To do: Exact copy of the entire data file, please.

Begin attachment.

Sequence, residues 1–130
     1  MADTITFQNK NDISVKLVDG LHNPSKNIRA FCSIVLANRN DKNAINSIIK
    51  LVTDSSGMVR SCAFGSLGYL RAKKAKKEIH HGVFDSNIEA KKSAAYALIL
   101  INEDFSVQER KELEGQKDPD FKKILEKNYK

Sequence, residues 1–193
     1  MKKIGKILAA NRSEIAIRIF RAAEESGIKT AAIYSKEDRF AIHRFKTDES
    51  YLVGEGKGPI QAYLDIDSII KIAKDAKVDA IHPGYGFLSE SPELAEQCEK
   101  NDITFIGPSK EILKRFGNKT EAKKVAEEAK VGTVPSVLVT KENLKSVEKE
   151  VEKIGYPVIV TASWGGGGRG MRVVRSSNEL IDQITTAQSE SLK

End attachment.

Sequence, residues 1–130
     1  MADTITFQNK NDISVKLVDG LHNPSKNIRA FCSIVLANRN DKNAINSIIK
    51  LVTDSSGMVR SCAFGSLGYL RAKKAKKEIH HGVFDSNIEA KKSAAYALIL
   101  INEDFSVQER KELEGQKDPD FKKILEKNYK

Sequence, residues 1–193
     1  MKKIGKILAA NRSEIAIRIF RAAEESGIKT AAIYSKEDRF AIHRFKTDES
    51  YLVGEGKGPI QAYLDIDSII KIAKDAKVDA IHPGYGFLSE SPELAEQCEK
   101  NDITFIGPSK EILKRFGNKT EAKKVAEEAK VGTVPSVLVT KENLKSVEKE
   151  VEKIGYPVIV TASWGGGGRG MRVVRSSNEL IDQITTAQSE SLK